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Sincerity : How a Moral Ideal Born Five Hundred Years Ago Inspired Religious Wars, Modern Art, Hipster Chic, and the Curious Notio
by R. Jay Magill


Overview - Bringing deep historical perspective and a brilliant contemporary spin to Lionel Trilling's 1972 Sincerity and Authenticity , R. Jay Magill Jr. argues that we can't shake sincerity's deep theological past, emotional resonance, and the sense of conscience it has carved in the Western soul.  Read more...

 
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More About Sincerity by R. Jay Magill
 
 
 
Overview
Bringing deep historical perspective and a brilliant contemporary spin to Lionel Trilling's 1972Sincerity and Authenticity, R. Jay Magill Jr. argues that we can't shake sincerity's deep theological past, emotional resonance, and the sense of conscience it has carved in the Western soul. From Protestant theology to paintings by crazy people, from French satire to the anti-hipster movement, Magill navigates history, religion, art, and politics to create a portrait of an ideal that, despite its abuse, remains a strange magnetic north in our secular moral compass.

 
Details
  • ISBN-13: 9780393080988
  • ISBN-10: 0393080986
  • Publisher: W. W. Norton & Company
  • Publish Date: July 2012
  • Page Count: 272
  • Dimensions: 8.47 x 5.85 x 1 inches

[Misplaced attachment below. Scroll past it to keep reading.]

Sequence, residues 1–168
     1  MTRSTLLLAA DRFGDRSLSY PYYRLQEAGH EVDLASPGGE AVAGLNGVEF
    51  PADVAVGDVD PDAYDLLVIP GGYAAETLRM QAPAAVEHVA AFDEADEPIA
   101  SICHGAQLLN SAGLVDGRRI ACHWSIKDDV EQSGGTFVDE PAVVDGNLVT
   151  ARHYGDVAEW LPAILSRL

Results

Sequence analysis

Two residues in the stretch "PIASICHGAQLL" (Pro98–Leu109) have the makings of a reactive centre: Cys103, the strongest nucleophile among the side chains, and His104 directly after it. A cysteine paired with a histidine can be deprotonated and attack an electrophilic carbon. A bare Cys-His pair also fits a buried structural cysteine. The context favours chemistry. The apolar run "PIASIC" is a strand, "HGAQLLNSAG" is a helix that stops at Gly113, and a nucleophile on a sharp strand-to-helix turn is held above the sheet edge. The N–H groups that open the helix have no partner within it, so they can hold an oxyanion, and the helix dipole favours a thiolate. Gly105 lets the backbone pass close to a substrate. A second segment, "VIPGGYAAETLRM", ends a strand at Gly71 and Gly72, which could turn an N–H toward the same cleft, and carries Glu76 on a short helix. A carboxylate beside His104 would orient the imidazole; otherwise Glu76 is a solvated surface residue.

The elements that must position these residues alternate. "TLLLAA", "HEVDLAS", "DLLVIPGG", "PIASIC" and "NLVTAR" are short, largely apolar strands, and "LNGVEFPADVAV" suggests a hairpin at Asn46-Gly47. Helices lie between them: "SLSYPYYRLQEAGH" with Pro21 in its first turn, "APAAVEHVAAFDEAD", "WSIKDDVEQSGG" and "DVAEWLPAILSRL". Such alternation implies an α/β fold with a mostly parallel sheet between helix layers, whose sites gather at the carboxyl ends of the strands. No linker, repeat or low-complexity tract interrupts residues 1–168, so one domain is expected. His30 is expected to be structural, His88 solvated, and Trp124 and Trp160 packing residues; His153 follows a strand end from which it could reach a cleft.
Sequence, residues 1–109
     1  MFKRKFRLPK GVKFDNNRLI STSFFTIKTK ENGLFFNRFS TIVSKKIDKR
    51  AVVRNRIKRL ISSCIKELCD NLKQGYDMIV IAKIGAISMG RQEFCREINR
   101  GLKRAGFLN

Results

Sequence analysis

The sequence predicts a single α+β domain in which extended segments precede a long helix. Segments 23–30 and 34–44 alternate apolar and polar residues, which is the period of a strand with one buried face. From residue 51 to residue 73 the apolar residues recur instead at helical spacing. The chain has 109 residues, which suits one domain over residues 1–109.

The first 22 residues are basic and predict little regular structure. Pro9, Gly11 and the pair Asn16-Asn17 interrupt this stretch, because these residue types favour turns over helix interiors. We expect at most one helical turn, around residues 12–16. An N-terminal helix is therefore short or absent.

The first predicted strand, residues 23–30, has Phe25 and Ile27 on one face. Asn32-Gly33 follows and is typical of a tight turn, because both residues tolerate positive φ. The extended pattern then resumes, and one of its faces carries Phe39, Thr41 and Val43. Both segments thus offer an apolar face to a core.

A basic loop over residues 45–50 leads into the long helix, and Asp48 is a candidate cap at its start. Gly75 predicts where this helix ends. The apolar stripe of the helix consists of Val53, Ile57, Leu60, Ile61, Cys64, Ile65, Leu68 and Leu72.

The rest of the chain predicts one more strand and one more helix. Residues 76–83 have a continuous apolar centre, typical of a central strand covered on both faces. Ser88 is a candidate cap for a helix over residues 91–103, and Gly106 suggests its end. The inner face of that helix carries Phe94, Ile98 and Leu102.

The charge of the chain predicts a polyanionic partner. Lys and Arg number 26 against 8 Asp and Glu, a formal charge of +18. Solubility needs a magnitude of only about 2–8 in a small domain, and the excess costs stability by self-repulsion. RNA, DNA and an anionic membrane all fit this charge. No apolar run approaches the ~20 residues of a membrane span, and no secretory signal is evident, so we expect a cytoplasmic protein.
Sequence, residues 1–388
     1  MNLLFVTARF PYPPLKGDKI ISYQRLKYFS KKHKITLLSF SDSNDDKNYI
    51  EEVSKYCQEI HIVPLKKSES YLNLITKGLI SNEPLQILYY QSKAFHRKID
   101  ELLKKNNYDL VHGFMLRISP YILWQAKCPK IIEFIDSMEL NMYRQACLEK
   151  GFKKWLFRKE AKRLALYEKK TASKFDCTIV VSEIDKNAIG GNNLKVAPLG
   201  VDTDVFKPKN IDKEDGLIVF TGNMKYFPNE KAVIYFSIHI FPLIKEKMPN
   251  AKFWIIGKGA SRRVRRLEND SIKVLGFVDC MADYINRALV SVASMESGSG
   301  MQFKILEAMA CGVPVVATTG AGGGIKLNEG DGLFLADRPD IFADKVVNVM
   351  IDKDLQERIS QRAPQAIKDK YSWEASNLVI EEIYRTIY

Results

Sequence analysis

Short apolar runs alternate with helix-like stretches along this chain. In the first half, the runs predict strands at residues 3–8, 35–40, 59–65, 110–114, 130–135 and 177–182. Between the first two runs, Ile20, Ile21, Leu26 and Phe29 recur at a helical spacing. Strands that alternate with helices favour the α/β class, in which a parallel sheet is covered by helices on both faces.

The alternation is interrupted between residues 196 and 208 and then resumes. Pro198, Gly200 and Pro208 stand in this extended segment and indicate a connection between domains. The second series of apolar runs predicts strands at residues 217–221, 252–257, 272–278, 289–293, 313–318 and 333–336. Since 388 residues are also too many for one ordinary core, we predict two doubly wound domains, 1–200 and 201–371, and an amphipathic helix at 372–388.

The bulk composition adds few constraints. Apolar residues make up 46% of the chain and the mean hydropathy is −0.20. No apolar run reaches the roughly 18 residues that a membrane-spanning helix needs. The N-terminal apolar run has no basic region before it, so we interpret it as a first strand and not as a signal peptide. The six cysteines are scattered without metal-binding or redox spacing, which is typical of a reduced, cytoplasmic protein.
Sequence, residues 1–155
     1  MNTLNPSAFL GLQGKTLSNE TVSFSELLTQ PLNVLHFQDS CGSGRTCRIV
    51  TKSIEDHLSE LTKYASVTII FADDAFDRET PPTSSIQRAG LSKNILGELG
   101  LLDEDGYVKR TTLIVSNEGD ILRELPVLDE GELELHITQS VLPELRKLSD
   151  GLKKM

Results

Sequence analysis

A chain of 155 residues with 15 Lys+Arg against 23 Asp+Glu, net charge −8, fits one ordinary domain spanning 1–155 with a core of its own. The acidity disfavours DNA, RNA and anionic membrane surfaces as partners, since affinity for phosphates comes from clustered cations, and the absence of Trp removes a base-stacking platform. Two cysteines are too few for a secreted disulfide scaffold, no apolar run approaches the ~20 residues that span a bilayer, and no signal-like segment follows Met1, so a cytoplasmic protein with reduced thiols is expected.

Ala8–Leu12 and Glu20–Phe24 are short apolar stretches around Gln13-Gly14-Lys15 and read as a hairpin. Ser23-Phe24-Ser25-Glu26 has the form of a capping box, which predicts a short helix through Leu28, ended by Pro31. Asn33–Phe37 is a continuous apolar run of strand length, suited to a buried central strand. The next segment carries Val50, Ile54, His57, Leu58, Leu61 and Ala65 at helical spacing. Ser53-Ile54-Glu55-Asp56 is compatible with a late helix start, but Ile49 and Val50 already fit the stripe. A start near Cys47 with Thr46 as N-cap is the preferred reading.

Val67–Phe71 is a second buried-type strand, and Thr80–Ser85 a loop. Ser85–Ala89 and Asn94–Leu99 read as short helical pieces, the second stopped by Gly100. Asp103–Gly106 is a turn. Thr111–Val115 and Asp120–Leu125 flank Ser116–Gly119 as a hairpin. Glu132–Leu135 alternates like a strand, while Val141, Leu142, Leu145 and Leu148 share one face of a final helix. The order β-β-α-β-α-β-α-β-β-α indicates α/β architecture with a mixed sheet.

• Shipping Weight: 0.94 pounds


Related Categories

Books > Philosophy > History & Surveys - Modern
Books > Self-Help > Personal Growth - Happiness

 
Publishers Weekly Reviews

Publishers Weekly® Reviews

  • Reviewed in: Publishers Weekly, page .
  • Review Date: 2012-04-09
  • Reviewer: Staff

Cultural critic Magill (Chic Ironic Bitterness) condenses 500 years of philosophy, religion, language, art, fashion, and politics into an energetic but dense analysis of the shifting meanings and uses of sincerity in Western Europe and the United States. His well-researched account (subtitled How a Moral Ideal Born Five Hundred Years Ago Inspired Religious Wars, Modern Art, Hipster Chic, and the Curious Notion That We All Have Something to Say (No Matter How Dull)) begins with the word’s disputed linguistic origins and ends with Sarah Palin, who is “certainly sincere in her belief that she is a maverick. She’s just not right about it.” Along the way, readers encounter the court of Henry VIII, Martin Luther’s Ninety-Five Theses, Montaigne’s library as he searches for “honesty with himself,” and Machiavelli’s claims that religion and politics “should not cross.” Magill dissects the ambitions of Puritans, the maxims of La Rochefoucauld, and the Discourse of Rousseau, all while quoting liberally from other figures as he zooms to the 20th century. Nietzsche’s claim that “‘sincerity finally turns against morality itself’” marks a shift. Enter Freud, then the Surrealists. Magill proves most lively as he brings the reader up to date; his Hipster Semiotic Appendix demonstrates his acuity and sense of humor. However, this burst of fun may be too little, too late, given the overwhelming nature of Magill’s exhaustive sourcing. (July)

 
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